On the other hand, Turner's not averse to having hunters try their luck — for a price — on his land. For example: Every year at the Flying D Ranch, 30 hunters pay approximately $12,000 each for the opportunity to spend a week stalking trophy elk on the property.

"Yeah," Turner says, "we do have a big hunting program. And on some of the ranches, a fishing program, too. During the seasons and so forth, we play completely by the rules. We do harvest some wildlife under the state and federal laws that allow that. We're not anti-hunting and -fishing, we're pro-hunting and -fishing, even though I love to see the animals."


Turner first got into the buffalo business around 1989, when he bought the Flying D. "I already had a few bison over in South Carolina on my first little piece of property," he says. "I started with three. I thought [bison meat] tasted so good, and it was so much better for you than beef because of all the fat that cattle have because they're fed so much corn." So he decided to pursue a bison business.

Kurt Markus
Turner has helped save the bison from extinction by amassing a herd of 45,000 on his Western ranches. He also serves bison at his 57 Ted's Montana Grill restaurants.

Turner bought his first couple of Western ranches for the purpose of hunting and fishing and the rest of them to expand his bison herd. "When I got to 2 million acres, I figured that was a good round number to stop on. And I was able to have around 45,000 bison — we brought the herd up to that size. And that's where we're trying to maintain it."

(The buffalo don't roam on Turner's Argentinian ranches. "That's where we encourage guanacos, which are the wild camels of Patagonia, which are in a situation there similar to the bison here," Turner says.)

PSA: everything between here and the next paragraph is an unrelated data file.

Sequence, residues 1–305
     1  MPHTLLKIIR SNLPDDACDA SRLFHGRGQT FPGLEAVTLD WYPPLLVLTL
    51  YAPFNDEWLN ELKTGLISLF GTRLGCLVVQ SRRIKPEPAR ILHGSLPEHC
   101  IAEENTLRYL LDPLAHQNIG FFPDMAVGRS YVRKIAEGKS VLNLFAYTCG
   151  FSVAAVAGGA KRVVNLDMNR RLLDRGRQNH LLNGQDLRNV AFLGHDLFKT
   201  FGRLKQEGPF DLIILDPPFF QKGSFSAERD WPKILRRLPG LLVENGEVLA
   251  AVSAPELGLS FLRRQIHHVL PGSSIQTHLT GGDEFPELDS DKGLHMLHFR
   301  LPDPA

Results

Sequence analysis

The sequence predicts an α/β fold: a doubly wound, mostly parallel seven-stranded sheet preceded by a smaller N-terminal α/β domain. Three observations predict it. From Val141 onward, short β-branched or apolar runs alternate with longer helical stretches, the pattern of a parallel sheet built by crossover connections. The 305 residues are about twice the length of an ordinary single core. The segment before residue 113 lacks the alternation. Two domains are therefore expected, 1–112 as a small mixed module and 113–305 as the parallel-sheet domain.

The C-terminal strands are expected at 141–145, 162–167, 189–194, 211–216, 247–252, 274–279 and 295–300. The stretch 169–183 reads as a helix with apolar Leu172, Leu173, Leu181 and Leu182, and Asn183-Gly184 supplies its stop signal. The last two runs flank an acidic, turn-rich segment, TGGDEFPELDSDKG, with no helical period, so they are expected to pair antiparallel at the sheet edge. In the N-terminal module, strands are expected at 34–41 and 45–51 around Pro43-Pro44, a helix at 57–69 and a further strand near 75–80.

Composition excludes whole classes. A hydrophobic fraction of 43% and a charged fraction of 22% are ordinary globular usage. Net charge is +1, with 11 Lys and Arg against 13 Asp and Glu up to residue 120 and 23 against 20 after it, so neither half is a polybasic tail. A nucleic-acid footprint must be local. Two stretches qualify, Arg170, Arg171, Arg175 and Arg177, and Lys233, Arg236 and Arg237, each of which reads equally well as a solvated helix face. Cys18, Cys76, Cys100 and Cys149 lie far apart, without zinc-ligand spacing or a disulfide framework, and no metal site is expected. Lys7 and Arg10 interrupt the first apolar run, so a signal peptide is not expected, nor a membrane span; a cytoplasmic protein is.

From time to time, there is a thinning of the herd as part of Turner's long-term campaign to sell American consumers on buffalo meat as a healthy and tasty food choice. In some ways, Turner admits, it's been an uphill struggle: Although he's promoting a product that is hormone- and antibiotic-free, Americans have proven slow to develop an appetite for the delicacy. But he's managing to win new converts, he says, with the slow, steady expansion of his bison-centric restaurant chain.

Turner opened his first Ted's Montana Grill — an eco-friendly eatery with such delicacies as bison meatloaf and barbecue bison short ribs on the menu — in Columbus, Ohio, in January 2002. (More traditional dishes also appear on the bill of fare.) That startup spawned several others, so that there now are 57 Montana Grill restaurants in 19 states.

He became a restaurateur, Turner says only half-jokingly, because he needed a way to fill the time after being "laid off" by Time Warner. "I was in my mid 60s," he says, "and I'd really enjoyed being a businessman all those years. And I wanted to keep my hand in business. But at 65, you can't get a job. Nobody wants you because you're too old. So I had to do something that I started up on my own."